- by Firstborder
I haven't done sales forecasting before. Thank you for the idea. - by realtor
What a great question. I do have one note on something you said "I want it to be big enough to meet your number". I think you implied this, but I think it's more important that the number be real than impressive. If there's a deficiency in your forecast, let's deal with it now.

I've seen all types. The guy who falls short of the big impressive number he gave during the monthly meeting, month after month. The person who simply guesses, sometimes wrong, sometimes right. The person who low-balls the number every month and the ones who never stray more than 10-15% +/-

I personally think the biggest factors in accurately forecasting are:

- Being completely honest with ourselves about where the prospect stands at each stage of the sales cycle. Okay, so one person said they would buy. Can they? Who owns the money to do so? Who else is involved? Salespeople have this weird filter on our ears. Someone says "the proposal looks good", we hear "we'll cut the check tomorrow".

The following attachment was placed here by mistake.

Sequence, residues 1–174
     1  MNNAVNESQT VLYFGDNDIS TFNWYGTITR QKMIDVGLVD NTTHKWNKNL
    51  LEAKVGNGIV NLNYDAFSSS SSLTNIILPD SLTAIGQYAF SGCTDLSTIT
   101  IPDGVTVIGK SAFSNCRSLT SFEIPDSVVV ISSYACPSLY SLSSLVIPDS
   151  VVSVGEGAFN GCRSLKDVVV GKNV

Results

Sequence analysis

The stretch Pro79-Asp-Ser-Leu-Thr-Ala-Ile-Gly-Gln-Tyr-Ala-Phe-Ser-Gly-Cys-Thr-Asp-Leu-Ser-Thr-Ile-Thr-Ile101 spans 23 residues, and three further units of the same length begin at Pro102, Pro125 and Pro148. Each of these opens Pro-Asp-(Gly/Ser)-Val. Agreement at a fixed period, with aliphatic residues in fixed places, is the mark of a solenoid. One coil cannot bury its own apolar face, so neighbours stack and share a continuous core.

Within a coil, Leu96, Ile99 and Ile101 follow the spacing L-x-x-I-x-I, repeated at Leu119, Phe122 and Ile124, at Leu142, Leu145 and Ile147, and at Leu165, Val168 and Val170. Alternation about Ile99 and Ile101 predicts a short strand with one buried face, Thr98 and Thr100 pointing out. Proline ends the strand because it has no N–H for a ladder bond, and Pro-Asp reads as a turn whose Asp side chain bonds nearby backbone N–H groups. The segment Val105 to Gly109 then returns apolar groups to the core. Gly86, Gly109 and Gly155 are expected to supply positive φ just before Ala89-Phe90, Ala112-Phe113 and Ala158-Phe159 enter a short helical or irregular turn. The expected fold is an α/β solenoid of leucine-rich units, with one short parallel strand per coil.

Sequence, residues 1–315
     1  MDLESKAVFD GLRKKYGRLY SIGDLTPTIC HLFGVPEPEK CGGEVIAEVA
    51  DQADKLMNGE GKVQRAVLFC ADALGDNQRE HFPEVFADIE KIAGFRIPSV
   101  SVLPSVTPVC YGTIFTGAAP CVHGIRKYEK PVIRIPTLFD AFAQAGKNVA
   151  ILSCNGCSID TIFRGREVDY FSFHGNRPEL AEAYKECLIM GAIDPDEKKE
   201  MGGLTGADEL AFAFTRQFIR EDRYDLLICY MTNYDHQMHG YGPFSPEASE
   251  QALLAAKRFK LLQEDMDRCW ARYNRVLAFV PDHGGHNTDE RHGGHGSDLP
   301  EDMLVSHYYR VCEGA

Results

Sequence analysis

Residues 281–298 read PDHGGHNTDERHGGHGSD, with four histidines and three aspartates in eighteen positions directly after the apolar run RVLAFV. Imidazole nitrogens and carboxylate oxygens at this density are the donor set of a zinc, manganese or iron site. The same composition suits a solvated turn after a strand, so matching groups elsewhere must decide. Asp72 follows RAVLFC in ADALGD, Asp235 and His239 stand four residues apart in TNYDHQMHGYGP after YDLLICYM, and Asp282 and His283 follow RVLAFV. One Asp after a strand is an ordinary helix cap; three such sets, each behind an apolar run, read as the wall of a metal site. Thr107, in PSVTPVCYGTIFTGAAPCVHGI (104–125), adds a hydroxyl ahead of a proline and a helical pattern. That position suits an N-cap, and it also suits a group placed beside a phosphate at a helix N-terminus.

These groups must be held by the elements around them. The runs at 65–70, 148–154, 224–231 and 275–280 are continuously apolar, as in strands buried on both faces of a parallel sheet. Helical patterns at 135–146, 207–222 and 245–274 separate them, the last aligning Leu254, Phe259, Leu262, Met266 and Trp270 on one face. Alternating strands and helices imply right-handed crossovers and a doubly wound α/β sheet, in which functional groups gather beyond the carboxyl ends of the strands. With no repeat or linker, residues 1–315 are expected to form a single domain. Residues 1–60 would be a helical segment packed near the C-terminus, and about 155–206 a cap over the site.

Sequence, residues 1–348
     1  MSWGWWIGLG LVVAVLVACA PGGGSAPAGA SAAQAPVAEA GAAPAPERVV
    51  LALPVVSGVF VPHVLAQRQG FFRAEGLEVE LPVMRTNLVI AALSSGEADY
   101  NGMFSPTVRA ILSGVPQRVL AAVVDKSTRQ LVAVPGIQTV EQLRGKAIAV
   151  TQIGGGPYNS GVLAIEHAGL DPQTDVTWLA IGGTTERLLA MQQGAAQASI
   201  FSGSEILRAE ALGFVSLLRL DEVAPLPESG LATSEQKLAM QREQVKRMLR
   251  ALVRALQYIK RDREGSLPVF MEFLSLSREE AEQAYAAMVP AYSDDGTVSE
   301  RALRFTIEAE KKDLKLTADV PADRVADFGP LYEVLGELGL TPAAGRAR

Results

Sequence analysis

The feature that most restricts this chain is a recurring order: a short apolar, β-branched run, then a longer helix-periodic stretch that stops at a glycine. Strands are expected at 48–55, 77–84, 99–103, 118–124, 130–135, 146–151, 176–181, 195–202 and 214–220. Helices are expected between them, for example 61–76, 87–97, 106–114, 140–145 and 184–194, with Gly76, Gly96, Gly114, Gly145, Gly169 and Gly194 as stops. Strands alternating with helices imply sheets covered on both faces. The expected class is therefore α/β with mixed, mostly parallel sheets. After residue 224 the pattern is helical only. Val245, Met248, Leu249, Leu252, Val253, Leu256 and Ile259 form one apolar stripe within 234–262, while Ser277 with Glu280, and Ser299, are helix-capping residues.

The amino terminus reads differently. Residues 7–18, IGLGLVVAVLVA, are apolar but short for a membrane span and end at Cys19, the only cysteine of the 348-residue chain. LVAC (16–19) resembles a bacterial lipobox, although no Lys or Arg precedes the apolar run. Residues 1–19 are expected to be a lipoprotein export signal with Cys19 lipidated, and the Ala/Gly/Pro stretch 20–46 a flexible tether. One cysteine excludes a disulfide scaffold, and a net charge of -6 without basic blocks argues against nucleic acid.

- Asking questions. What happens to the contract after I send it over? Who signs it? Are they in the country? What are the clients time-frame motivators? They certainly aren't the same as ours.

And here's the thing that drives me nuts:

- Offering incentives to make us look like better forecasters. You didn't do a very good job asking questions, or chose to hear what you wanted to hear. Now it's a week before the end of the quarter and your boss wants to know where the deal is. After a day or two you mutually agree that a discount/freebie is needed to get that signature. Esentially we're manufacturing a forecast and losing money in the process. If we had done a better job we would have known that the contract couldn't possibly be signed for three weeks and saved us all some stress/revenue.

My apologies in advance for the lengthy and opinionated response!

Justyn - by Justyn
Justyn - good reply! thmbp2; - by Firstborder